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Needle localization by X-Ray

Also known as

Stereotactic-guided core-needle biopsy, Breast needle localization x-ray, X-ray-guided needle localization, Wire localization biopsy.

This procedure is employed to help identify the accurate location of abnormal breast tissue for a later biopsy exam. The unhealthy point is marked usually with a small point wire or a dye. Breast Needle localization X-Ray is a procedure done prior to a breast biopsy or breast surgery to locate a breast abnormality seen on a radiograph but is not felt. It is also usually used to verify the location of an already diagnosed breast cancer. The exam is conducted under local anesthesia; hence there is no pain observed during the procedure. Other than some pressure, there is no significant pain or discomfort. A radiologist performs this Breast Needle Localization procedure. The results will be released to you after 2-3 business days. Wear fitting support clothing to care for your biopsy site and your comfort. Your radiologist will discuss with you if you need to wear any particular underwear type after your biopsy. Following the few days after the biopsy, you are advised not to lift anything heavier than 5 pounds or do any strenuous exercises. Do not bathe, swim or expose the biopsy site to water. However, you may shower 24 hours after the biopsy.
After a sample is taken for the biopsy, some breast lesions may require diagnostic or therapeutic biopsy. If a malignant or indefinite result is obtained, surgical excision is indicated. For this surgical session, accurate localization of the abnormal tissues is required for the complete removal of lesions and to minimize any unnecessary cosmetic disfigurement. Needle localization is the most routine procedure to help identify the accurate location of the abnormality in breast tissue. However, it is used for other parts of the body.
Your doctor will ask you to get the test in the following situations:
  • To locate and eventually remove any abnormal tissue or tumor visible on radiological exams.
  • Removing tissue from an obscured area too time-consuming or inefficient to locate for a surgeon.
  • To locate and eventually remove tissue samples for multiple abnormalities appearing on radiological exams.
  • To reduce the risk of recurrence by providing the surgeon with clear margins to excise healthy tissue along with the abnormal mass.
  • Consult your technician a few days before the procedure, if you wear on-body devices such as insulin pumps/ drug delivery pumps they cant be allowed in the X-ray room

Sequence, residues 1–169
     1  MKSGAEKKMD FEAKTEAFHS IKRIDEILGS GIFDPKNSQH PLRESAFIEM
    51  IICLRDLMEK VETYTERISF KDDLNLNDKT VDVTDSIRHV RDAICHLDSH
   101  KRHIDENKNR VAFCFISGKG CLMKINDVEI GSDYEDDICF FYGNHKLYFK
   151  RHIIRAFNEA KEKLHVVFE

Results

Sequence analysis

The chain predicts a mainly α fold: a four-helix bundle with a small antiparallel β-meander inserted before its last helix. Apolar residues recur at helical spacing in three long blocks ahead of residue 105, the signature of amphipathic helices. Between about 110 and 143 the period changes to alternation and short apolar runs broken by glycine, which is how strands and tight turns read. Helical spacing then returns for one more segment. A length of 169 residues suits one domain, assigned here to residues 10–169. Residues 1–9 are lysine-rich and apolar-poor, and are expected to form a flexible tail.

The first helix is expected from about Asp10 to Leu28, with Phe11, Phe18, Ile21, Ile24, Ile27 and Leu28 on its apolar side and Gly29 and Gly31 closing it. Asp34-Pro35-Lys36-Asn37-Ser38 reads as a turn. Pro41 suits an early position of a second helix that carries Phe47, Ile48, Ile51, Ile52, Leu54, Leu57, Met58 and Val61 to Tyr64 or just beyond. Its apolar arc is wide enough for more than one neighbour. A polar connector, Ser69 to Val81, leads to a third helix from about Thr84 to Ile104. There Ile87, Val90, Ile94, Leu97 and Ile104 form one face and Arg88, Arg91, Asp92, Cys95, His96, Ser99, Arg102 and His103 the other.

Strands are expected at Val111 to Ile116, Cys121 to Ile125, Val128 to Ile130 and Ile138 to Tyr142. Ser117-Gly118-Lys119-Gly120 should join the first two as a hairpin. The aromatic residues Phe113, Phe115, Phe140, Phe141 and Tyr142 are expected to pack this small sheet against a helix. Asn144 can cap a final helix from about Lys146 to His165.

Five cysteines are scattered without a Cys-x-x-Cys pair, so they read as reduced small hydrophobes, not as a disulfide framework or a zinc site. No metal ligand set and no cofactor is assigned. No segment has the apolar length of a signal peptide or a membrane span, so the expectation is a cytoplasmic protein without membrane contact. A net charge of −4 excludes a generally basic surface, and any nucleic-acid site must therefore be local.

• Observe a fast from the midnight of the night before the procedure
  • The patient must not use any perfumes, deodorant, or talcum powder prior to the procedure.
  • You will be requested to change into a patient gown for your radiological exam.
  • You cannot wear any jewelry and are advised to leave accessories and valuables at home.
  • You are encouraged to bring some magazines or a book to help pass the time and relieve any anxiety about the procedure.
  • A nurse or a physician will explain the process to you and answer any questions you might have before signing a consent form.
A radiologist will do an X-ray to precisely locate the area of unhealthy tissue, and a needle will be placed in that area. Meticulous images would be taken to ensure clarity and needle location. A small wire will then be inserted and hooked in the tissue that needs to be removed; the needle will be removed. The wire will be removed during surgery. Firstly, the breast is cleaned with an antiseptic solution. Local anesthesia is introduced to numb the area to be examined for minimized discomfort. In some cases, when the patient is too anxious or uncooperative, a sedating agent may be injected through the veins. A technologist will first take preliminary films of the area while lying on a table or in an upright position to find the exact location of tissue abnormality. The procedure takes about 60 minutes to conclude.
A radiologist places a thin needle in the affected tissue with the help of radiographic images. Most people that undergo the procedure usually only experience mild pressure with needle insertion. The radiograph is then repeated multiple times to check and confirm the precise location of the needle. If the needle is not at the mass of abnormality, it will be repositioned and the imaging process repeated. Once the needle is positioned accurately, it is removed, leaving behind a wire hooked to the lesion in the breast. The wire is taped securely to avoid dislodgement during transportation and otherwise. The patient is taken to an operating room with the tape securing the wire. The surgeon makes an incision at the guidewire site and excises the wire and the lesion. Any swelling or bruising you may observe after the procedure will go to normal after a few days. However, a slight lumpiness at the surgical site from the scar tissue will be felt.
The sample obtained during the procedure will be examined by a pathologist (a doctor specializing in the causes and nature of disease). A final diagnosis will be made. The pathology report shows the nature of the specimen obtained, whether the tissue is benign or cancerous. They will share the results with your surgeon. Suppose the report concludes that the growth is cancerous. In that case, you may need additional tests to study the tumor type (growth, type of cells, and metastasis and characteristics). Afterward, your doctor will decide on further tests and procedures required. Do not hesitate to call your healthcare provider if:
  • you notice an increase in size in your breast
  • increased breast sensitivity and tenderness
  • there is bleeding that you are worried about